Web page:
Living the Highlife

Written by Chase Hoffberger on . Posted in Posts.

Doug Shaw has never been to Africa, but the continent’s musical roots have managed to make such an impression on him that you’d think he’d learned songwriting in Nigeria.

“It’s definitely less of a studied thing than it is a feeling,” the 27-year-old, who performs as Highlife, admits. “The circular nature of that music is really something that I feel well in command of. I don’t know African music region to region in an encyclopedic way, but I intuit the feeling of it well, and it’s become a part of how I play now. I have more of a feeling of the circular aspect of it than maybe having certain different reference points.”

Circular’s a good word for it. Shaw’s Best Bless EP, out this week, was written in a style he calls “circular songwriting”: devoid of any defined backbeat, each song has a celebratory, seemingly endless feel. But his foray into the world of African music has also taken quite an ambiguous path.

Born in London to a British father and a mother from Wisconsin, Shaw quickly took to America’s wealth of roots and folk recordings. When he turned 19, he used his dual citizenship to move across the Atlantic, settling in Eugene, Ore., where he soon found himself spending days drinking liquor with old men and nights gigging with Sacramento retro poppers Baby Grand. Both would lead to his eventual pilgrimage to New York in 2005, when Shaw left Baby Grand after an East Coast tour.

For years Shaw meandered through living situations and band rosters within the city, playing guitar with Mira Billotte’s mythically witchy White Magic and bass for cosmic pop party starters Gang Gang Dance.

He birthed Highlife on a 2008 trip to Trinidad’s Gaspar Grand Island, where he recorded four of Best Bless‘ five songs; “Wet Palm Trees,” a barebones closer featuring nothing but Shaw’s voice and an acoustic guitar, was recorded on a St. Lucia beach one New Year’s Eve. Shaw suggests that the Caribbean lifestyle allowed him to grow so familiar with Highlife’s West African roots.

wasn’t a good island for cane production in the 18th and 19th
centuries, so it was primarily used as an island for breeding slaves,”
he explains. “All that Calypso and guitar music fed back to West Africa
and blended with their rhythms, making what’s known today as Highlife

Shaw left Trinidad shortly after laying down the original recordings to Best Bless and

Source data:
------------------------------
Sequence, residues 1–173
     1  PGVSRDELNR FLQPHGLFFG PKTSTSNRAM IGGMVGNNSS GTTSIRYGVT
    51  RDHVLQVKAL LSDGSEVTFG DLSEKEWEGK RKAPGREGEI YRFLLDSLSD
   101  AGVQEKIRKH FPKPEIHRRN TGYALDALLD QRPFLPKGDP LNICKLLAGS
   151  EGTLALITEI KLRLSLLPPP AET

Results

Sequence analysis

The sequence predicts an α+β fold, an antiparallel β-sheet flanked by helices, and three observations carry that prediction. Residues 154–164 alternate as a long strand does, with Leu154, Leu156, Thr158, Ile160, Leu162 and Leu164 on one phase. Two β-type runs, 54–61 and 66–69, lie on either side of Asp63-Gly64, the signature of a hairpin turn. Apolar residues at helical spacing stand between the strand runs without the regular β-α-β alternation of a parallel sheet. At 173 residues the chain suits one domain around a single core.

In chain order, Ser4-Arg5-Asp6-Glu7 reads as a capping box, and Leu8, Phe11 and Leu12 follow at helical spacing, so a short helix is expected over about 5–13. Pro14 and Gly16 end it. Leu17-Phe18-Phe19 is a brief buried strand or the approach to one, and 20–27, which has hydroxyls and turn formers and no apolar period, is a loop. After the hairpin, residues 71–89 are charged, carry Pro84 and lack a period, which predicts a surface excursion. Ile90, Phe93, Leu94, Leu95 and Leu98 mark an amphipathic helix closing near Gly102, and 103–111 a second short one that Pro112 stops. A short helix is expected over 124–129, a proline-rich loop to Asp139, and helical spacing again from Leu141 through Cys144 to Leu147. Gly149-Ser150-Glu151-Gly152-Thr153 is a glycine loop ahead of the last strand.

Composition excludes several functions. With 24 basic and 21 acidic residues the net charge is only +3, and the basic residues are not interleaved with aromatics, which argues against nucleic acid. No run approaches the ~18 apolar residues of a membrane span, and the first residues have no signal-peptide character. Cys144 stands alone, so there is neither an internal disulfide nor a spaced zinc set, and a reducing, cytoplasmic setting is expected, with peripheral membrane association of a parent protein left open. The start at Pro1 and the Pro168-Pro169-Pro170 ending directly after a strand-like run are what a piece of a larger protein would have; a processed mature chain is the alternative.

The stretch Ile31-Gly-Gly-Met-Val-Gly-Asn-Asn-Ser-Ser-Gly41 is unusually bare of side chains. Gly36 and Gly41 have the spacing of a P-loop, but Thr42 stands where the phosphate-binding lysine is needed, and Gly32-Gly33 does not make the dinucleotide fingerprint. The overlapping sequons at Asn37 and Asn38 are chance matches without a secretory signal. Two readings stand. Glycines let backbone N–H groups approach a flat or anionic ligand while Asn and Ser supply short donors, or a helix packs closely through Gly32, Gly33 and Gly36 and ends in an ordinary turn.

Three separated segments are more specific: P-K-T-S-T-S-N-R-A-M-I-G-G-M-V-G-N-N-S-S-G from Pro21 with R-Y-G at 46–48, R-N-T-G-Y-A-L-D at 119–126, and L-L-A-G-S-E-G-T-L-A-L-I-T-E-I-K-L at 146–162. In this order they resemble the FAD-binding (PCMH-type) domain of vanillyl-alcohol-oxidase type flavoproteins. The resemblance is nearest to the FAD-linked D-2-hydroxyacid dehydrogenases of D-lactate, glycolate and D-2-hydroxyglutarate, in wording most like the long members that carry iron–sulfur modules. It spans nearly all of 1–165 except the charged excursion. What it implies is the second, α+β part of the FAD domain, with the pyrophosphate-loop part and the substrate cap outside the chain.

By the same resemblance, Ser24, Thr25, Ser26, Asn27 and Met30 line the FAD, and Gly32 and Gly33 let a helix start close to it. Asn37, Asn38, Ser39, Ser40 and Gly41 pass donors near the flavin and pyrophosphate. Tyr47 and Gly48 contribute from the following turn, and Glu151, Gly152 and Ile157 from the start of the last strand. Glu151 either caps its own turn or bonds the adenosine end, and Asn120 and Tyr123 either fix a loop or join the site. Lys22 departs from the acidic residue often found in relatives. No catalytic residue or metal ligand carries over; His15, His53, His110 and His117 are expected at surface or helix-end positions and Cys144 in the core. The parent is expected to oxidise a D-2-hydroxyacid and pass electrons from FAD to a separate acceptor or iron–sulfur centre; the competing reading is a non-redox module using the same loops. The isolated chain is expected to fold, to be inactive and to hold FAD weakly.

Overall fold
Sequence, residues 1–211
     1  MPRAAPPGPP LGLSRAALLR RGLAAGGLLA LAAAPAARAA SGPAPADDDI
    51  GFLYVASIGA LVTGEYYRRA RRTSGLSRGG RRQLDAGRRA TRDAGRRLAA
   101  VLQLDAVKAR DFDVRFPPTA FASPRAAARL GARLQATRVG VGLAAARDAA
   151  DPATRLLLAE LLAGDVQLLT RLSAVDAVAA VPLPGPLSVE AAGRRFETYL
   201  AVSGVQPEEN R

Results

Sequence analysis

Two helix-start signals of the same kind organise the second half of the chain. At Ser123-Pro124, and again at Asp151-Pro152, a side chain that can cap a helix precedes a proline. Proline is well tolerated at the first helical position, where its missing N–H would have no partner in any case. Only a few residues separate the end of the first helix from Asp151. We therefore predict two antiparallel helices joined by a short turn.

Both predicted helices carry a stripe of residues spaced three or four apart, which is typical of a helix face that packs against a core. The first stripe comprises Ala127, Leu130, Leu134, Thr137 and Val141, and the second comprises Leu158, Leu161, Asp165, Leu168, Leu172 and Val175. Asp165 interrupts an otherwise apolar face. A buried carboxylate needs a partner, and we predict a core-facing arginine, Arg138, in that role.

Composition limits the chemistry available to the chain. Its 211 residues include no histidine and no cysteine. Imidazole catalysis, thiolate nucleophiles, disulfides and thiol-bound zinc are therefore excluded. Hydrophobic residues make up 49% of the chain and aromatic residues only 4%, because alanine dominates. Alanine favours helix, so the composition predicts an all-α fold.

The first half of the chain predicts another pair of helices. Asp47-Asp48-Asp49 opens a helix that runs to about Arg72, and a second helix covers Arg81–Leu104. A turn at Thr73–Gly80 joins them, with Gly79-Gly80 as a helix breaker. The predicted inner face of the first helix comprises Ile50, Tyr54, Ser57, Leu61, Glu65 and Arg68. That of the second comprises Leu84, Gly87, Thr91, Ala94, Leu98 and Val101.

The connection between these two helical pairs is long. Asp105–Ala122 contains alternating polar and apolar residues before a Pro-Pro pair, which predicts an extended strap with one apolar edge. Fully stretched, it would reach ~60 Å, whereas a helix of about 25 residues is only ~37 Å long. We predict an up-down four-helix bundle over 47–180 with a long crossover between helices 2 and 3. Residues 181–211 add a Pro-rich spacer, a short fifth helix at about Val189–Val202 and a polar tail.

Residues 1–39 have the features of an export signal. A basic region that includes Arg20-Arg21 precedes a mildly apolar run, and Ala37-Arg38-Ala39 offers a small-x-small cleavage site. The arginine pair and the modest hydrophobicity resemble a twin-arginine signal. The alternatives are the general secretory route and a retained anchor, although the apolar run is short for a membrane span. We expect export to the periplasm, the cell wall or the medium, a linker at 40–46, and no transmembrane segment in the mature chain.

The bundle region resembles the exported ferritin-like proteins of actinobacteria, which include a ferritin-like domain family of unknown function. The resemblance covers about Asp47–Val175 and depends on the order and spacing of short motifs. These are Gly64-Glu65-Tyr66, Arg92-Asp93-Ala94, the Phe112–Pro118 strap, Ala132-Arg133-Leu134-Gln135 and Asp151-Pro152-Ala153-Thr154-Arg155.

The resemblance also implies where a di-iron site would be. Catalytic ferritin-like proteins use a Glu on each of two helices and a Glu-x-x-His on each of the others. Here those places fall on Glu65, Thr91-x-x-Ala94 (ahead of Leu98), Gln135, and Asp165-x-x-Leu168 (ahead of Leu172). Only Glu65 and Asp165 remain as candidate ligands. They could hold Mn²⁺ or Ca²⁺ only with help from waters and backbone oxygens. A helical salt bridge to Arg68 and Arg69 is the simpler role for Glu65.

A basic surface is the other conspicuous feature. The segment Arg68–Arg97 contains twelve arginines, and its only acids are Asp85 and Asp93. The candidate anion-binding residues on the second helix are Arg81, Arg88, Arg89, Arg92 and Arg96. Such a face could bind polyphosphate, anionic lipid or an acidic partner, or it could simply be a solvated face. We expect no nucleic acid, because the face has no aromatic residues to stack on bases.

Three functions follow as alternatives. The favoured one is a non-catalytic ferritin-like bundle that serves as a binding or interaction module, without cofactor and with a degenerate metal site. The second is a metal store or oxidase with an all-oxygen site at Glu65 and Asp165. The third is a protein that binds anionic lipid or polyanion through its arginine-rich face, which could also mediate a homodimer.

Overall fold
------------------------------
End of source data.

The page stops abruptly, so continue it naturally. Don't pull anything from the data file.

stopped in London to rerecord the album before returning to Brooklyn.
He put down most of the tracks himself, though help came in the form of
Billotte, who contributed background vocals to the Vampire Weekend pop
of “Tuareg Dancehall,” Ariel Pink’s Haunted Graffiti bassist Tim Koh and
Jesse Lee, who plays drums in Gang Gang Dance. A first single, the
celebratory “F Kenya Rip,” was released shortly after completion of the
project and was well-received by music websites, but the rest Shaw kept
under wraps until the EP’s release.

Fans may just be getting used to the songs on Best Bless by
the time his Oct. 6 show at Zebulon (with Lichens and Callers) rolls
around, but Shaw’s already got his mind on putting together new

looking forward to getting something else out there soon,” he says of a
new project, which he hopes to release in the spring of 2011. “Just the
fact that ‘F Kenya Rip’ has been around for a year and people have that
record; I’m just looking forward to getting another document out there.”

expect to see Shaw shooting from the same circular system, either. The
Park Slope resident is focused on not being the kind of artist who gets
stuck on one style—during our interview he played an acoustic guitar and
a Shruti box, an Indian harmonium instrument, and made references to
performing sometimes with an acoustic guitar, sometimes with a full band
and sometimes with nothing but his own voice. So, assume nothing.

already has a large weighting on the influence of African music,” he
says, “but I have many different styles. Maybe the next thing won’t
sound like this too much.”

But Doug, it’s all good if it does.

>> HIGHLIFE Oct. 6, Zebulon, 258 Wythe Ave. (betw. N. 3rd St. & Metropolitan Ave.), Brooklyn, 718-218-6934; 9, $TBA.